Ideology is defined as "the body of doctrine, myth, belief, etc., that guides an individual, social movement, institution, class, or large group". Another definition is "theorizing of a visionary or impractical nature". An opinion is defined as "a belief or judgment that rests on grounds insufficient to produce complete certainty". And facts are real, right?
Though I'm not a conservative, this year I have very much enjoyed listening to conservative talk radio, especially Fox News. In previous years I would not touch it. My side, this year (I switch sides every few years), does not have anything interesting to say. Well, at least not what I am interested in.
As a population sample of one, it shows how complex a thinking voter's decision making process can be. But then, as one of my instructors said of me, "You overthink!" at which I replied "Please, don't tell anyone. Unfortunately, I was born handicapped. I'm Mensan". A 1 in a 100,000 to be exact. This unfortunately means that there are only 7 people brighter than me in Denver, CO; which just goes to show you, you don't have to be bright to be wealthy.
OK, stepping away from the "facts" and returning to "ideology". I heard this on conservative talk show a few days ago and hope I heard it correctly. Hourly rate workers in the services industry account for only 3% of the work force, and a 10% rise in the hourly rate would cause a 1% decline in jobs (or -1% growth).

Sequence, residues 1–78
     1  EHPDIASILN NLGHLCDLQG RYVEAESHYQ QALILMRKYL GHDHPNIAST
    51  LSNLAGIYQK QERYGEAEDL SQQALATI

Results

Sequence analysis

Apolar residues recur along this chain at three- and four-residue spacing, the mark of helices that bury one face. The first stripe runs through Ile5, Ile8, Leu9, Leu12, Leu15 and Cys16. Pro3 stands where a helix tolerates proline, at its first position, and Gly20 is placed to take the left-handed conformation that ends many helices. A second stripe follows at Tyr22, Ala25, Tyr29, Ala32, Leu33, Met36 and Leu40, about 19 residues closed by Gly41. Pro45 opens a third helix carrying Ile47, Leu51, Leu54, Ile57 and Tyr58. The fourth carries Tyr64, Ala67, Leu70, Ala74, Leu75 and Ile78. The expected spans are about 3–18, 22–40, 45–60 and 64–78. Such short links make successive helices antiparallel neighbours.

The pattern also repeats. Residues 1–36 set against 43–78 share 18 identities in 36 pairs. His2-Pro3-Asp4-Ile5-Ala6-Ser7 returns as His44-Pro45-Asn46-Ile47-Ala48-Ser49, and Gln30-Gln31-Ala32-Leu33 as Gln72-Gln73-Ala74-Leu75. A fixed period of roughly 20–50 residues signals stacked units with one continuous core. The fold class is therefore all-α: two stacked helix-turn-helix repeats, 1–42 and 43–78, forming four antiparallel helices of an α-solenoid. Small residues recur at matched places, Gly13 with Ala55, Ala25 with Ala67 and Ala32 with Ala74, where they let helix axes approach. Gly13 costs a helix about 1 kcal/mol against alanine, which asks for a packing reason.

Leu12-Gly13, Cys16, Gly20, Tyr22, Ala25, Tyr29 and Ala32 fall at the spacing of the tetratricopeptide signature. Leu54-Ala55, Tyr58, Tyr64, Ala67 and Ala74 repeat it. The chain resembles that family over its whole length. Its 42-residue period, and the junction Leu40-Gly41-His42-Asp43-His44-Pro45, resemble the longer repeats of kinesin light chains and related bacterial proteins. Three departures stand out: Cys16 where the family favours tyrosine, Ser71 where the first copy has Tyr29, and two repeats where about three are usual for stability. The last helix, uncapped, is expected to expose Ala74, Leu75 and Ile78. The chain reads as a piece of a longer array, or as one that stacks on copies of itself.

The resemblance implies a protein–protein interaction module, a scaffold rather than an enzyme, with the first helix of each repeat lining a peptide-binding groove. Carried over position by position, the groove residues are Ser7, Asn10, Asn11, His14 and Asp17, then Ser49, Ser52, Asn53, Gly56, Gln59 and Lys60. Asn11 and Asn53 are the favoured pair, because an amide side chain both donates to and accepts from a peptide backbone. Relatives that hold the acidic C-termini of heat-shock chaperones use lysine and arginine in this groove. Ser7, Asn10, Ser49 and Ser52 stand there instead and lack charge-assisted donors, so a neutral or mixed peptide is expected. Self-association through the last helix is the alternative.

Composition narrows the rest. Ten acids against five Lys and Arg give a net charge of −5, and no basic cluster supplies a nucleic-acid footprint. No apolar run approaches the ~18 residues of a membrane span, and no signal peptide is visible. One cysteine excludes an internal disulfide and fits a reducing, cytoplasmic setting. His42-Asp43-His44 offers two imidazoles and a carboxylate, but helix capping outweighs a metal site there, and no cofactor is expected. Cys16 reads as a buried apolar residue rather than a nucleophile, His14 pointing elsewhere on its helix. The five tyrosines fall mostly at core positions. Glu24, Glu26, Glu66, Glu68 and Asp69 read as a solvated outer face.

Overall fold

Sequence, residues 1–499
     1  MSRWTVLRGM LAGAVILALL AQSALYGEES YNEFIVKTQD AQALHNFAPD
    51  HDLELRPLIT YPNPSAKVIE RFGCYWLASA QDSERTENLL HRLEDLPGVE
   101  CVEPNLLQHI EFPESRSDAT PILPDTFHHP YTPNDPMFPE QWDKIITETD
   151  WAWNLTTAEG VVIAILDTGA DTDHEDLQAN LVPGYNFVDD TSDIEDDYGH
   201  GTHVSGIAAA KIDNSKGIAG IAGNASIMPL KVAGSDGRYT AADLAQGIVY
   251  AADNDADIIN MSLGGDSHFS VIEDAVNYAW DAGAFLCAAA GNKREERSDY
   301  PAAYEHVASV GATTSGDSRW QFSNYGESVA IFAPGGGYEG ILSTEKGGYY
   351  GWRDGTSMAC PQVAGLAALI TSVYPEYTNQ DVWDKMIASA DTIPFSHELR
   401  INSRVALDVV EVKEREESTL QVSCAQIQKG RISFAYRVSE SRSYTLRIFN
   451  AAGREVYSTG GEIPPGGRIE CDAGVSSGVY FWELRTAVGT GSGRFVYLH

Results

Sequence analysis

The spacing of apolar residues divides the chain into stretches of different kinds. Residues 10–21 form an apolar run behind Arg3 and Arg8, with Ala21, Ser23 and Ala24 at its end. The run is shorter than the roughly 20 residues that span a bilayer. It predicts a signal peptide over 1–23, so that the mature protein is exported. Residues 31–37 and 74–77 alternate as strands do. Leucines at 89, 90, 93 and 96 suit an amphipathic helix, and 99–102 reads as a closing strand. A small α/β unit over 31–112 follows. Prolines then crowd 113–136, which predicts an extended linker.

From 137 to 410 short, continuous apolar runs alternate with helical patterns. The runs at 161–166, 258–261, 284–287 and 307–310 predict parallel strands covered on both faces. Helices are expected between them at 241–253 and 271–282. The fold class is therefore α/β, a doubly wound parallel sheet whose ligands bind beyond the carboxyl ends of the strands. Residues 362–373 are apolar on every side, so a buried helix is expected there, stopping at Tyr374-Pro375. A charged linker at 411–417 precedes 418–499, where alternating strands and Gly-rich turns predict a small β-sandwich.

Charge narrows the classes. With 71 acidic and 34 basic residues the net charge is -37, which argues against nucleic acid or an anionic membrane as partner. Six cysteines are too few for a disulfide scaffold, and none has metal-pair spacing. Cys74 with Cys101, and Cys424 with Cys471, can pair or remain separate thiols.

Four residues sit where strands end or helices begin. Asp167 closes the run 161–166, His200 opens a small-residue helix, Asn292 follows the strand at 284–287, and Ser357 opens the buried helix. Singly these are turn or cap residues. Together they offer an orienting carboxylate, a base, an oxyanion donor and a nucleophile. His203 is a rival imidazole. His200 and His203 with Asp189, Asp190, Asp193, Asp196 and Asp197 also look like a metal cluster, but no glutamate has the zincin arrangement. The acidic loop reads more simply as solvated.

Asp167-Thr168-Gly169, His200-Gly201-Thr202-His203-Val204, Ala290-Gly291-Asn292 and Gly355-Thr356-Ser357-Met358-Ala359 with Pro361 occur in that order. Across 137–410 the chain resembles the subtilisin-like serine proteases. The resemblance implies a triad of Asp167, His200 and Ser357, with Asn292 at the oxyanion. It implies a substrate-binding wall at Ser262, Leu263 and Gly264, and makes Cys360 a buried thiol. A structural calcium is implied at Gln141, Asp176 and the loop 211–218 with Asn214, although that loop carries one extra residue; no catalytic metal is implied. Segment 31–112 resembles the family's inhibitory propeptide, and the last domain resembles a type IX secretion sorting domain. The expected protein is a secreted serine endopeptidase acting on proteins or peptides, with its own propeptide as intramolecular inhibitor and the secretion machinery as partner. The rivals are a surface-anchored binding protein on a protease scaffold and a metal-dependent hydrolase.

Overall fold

All that screaming and yelling about doomsday scenarios, if poor people were allowed higher pay packets, surprises me. It reminds me of Charles Dickens' Oliver Twist. Let's look at these facts presented by conservative economic modelers.
Are we saying that we want to deny 99 out of a 100 hourly employees a better pay because 1 employee will lose his/her job? Don't you think that, that pay rise will filter back into the economy and contribute to raising GDP growth? And this "1" would get new employment, sooner rather than later?
But the real fallacy is in the presentation of the economic "facts". These economic models usually have a standard error of between 1% and 3%. 1% is rare, and the upper end can be more than 3%. What does this mean? Assuming the 1% standard error, this economic model result is -1% +/- 3% or the range of the possible model outcomes is between -4% to +2%. As someone with a Master's degree in statistics, the correct interpretation is 0% i.e. the purported 1% decline is statistically not different from zero.
That is, though economists strive very hard to get their models correct, the real fact is that economic modeling is closer to "opinion" than "fact". So take their model results with a pinch of salt.
Conclusion, a 10% increase in hourly pay rates will not negatively impact the economy. Think about this, in the last 100 years, how did average pays rise from approximately $600/year to $50,000/year with no negative impact to the economy?
In fact it has done the opposite. Today, we are the only remaining superpower, even though (1) we are the primary reason for China's modernization, and (2) we used our well paid brains to defeat the Soviet Union without firing a single missile.
This is something that both the Iranians and the Radical Islamist can learn from US.
Wishing my readers a More Thoughtful Happy New Year.